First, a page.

Our story

HOW DID IT HAPPEN?

The Bator Tabor Foundation  (The brave Camp) from Hungary organizes since 2001 summer camps for the kids suffering from cancer, juvenile idiopathic arthritis, diabetes and hemophilia.

In 2005, few dedicated volunteers from Transilvania   joined them, between them Aczel Dora and Laszlo Zsuzsa. When they returned home, they had the idea of creating a similar project in Romania, then already having the necessary knowledge and significant experience with  children  suffering from chronic disease of all ages.

But the story begins much earlier: Dora participated when she was 13, as a beneficiary in the first edition of the Hungarian camp. She was diagnosed with cancer. She realized then what can such an experience bring to a child with chronic disease. “The doctors saved my life, and the camp my appetite for living” – she says.

Latter, when she became an adult, she returned as a volunteer in the Brave Camp, with her friend Zsuzsa.

The first people who responded with enthusiasm to the idea of creating  a similar camp in Romania were – M.D. Felvinczi Kata, diabetologist, Gyűjtő Katalin (Tulitka) social worker, Jakab Emese communication student and  Bordás Szabolcs (Bordáska) project manager.

In 2011 was organized the first Yuppi Camp as a result of the  high efforts made on a volunteer basis, and the outstanding  commitment of these 6 people. They took the responsibility for the first group of adolescents with diabetes, during the year they made all the necessary arrangements  regarding the camp and they also had key roles in the effective coordination of the camp.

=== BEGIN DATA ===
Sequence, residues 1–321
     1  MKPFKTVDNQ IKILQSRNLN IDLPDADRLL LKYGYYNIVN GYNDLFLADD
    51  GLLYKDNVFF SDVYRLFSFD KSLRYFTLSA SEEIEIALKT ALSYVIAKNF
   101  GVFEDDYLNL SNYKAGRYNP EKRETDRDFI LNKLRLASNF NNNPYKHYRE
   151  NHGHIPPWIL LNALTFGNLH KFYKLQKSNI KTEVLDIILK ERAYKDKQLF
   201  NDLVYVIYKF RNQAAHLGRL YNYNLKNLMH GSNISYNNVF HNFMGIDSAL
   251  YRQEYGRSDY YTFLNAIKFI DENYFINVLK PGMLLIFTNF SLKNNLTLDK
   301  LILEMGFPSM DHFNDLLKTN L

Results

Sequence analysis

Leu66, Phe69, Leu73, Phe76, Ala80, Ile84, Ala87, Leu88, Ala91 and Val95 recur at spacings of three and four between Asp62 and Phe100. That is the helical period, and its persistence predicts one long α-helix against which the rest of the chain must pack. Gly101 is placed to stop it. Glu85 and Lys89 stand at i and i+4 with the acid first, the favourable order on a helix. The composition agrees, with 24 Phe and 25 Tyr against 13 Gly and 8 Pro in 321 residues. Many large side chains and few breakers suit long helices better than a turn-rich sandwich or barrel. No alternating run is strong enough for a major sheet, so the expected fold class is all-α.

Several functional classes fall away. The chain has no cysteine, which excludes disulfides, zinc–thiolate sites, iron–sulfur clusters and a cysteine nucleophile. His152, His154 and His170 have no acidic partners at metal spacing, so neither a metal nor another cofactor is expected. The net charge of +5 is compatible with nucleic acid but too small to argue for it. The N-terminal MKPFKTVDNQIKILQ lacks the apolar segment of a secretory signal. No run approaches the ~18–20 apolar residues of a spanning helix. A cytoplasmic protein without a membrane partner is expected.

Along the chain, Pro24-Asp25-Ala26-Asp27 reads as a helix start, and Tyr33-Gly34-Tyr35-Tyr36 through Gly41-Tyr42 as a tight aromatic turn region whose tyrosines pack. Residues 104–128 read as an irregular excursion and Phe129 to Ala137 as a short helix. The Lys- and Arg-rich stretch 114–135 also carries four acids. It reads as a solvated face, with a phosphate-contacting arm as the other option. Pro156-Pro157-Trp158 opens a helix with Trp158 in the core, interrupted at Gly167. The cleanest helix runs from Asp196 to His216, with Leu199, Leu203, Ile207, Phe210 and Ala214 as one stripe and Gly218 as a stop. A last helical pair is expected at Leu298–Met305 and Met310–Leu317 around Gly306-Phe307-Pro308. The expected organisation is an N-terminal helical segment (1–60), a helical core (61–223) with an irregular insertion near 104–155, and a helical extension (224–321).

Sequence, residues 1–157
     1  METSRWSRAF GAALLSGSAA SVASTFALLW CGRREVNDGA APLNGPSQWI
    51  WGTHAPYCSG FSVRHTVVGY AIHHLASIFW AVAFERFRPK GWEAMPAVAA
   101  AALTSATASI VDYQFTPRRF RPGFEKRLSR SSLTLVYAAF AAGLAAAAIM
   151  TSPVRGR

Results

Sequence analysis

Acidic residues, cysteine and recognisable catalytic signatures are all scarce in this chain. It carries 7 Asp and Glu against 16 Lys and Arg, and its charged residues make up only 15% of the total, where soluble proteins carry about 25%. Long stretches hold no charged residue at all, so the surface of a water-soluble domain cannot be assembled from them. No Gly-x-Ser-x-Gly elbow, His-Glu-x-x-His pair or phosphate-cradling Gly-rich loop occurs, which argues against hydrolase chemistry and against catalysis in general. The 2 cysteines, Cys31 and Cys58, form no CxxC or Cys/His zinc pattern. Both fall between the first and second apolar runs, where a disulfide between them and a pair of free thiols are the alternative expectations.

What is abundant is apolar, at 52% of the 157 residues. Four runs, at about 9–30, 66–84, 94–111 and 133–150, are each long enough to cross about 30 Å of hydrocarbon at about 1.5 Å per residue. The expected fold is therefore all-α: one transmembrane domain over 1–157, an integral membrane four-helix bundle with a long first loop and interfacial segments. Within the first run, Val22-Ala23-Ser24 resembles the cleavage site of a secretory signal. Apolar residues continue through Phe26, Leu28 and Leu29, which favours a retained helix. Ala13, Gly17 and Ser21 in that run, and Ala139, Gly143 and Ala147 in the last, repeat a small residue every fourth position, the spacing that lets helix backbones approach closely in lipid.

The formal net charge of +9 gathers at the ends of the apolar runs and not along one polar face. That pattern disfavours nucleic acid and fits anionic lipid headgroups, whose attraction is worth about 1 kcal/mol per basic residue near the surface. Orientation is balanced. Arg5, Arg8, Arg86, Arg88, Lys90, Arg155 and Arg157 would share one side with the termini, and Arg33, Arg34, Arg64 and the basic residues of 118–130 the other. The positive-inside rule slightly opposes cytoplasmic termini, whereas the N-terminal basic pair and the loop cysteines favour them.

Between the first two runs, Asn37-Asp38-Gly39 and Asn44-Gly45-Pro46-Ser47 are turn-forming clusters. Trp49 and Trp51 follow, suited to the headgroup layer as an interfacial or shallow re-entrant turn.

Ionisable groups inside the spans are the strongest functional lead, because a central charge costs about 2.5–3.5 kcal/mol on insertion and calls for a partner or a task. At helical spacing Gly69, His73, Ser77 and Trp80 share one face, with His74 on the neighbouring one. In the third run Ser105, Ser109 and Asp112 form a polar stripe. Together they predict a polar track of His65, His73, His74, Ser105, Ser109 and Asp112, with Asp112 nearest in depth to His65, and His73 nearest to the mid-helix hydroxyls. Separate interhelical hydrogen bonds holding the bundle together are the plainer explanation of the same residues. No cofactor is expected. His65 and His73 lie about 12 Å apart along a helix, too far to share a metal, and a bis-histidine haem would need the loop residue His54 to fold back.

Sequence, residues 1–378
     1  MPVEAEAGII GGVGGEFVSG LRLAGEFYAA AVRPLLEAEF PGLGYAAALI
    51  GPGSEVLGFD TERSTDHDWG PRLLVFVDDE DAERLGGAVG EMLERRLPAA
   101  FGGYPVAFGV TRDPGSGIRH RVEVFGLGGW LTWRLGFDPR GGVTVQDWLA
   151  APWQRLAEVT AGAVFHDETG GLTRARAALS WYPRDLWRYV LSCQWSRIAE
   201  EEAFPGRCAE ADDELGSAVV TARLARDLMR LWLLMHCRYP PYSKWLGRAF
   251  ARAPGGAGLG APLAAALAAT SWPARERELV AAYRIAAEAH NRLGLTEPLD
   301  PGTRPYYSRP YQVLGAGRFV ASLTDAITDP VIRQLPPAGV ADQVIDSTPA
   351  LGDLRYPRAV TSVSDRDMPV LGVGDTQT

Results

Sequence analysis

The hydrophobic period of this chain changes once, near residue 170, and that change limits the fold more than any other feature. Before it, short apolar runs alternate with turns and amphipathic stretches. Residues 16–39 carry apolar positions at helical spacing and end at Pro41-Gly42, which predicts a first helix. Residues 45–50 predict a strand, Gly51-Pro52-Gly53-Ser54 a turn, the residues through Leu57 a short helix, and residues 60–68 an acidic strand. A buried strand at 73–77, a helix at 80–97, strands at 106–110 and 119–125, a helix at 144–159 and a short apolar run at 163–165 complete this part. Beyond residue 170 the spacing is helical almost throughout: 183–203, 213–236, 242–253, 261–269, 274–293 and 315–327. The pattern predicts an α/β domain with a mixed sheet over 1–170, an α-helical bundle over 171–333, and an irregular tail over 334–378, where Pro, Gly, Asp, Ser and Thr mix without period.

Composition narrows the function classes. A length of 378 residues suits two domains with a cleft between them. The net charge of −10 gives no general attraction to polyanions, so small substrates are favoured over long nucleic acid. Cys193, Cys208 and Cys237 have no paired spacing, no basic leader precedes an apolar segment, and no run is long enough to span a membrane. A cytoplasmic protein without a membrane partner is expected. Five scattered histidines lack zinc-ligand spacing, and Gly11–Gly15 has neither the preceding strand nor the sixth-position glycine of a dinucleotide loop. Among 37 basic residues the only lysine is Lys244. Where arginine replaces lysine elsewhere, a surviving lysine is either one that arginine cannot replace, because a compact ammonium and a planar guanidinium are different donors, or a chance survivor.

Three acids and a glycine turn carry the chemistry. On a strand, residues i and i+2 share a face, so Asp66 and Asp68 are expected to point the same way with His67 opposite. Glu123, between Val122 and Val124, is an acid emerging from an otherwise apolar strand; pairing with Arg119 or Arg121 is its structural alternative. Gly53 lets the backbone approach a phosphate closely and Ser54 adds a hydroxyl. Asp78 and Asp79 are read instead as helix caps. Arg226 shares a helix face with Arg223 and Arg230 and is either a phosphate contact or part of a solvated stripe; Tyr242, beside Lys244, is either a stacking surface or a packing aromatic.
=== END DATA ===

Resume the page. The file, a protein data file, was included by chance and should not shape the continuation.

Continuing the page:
THE PROFESSIONALS BEHIND US

The most dedicated professionals who offered  us their support in organizing the first camp, and continue to do so are Chech Linda and  Nagy Gábor (Mápó). Linda was the leader of Bator Camps for 5 years and for one year she was the activity director too. Gábor  has great experience in  training adults and he is the manager of the outdoor activities at Bator Camp. They are our mentors.

We are grateful to them for dedicating  many hours of volunteering  for our cause, offering  their knowledge and  sharing  their experiences with us.

THE YUPPI MATE MEANING

We searched a suggestive denomination for our volunteers, but for a long time we did not find an appropriate one. One day, Dóra had an online chat with Ugron Hanna and started  explaining to her what means attendant volunteer in the camp. Suddenly Hanna asked her: so they are a sort of  mates  for the children?

Like this, our volunteers were named mates. There are attendant mates, playmates and doc mates. In time, with the increased number of volunteers, boss mates and assistant  mates categories were created.

The managers of the Yuppi Camp knew that everybody  has  a  wonderful  time in the camps, but needed a way to communicate this to the public. The use of cell phone   or other communication devices is forbidden. Molnar Mesi, communication responsible of the first camp came with the idea of writing a blog with daily updates. This idea was encouraged by the Transindex news portal, and so, the insight of the camp became public in a way.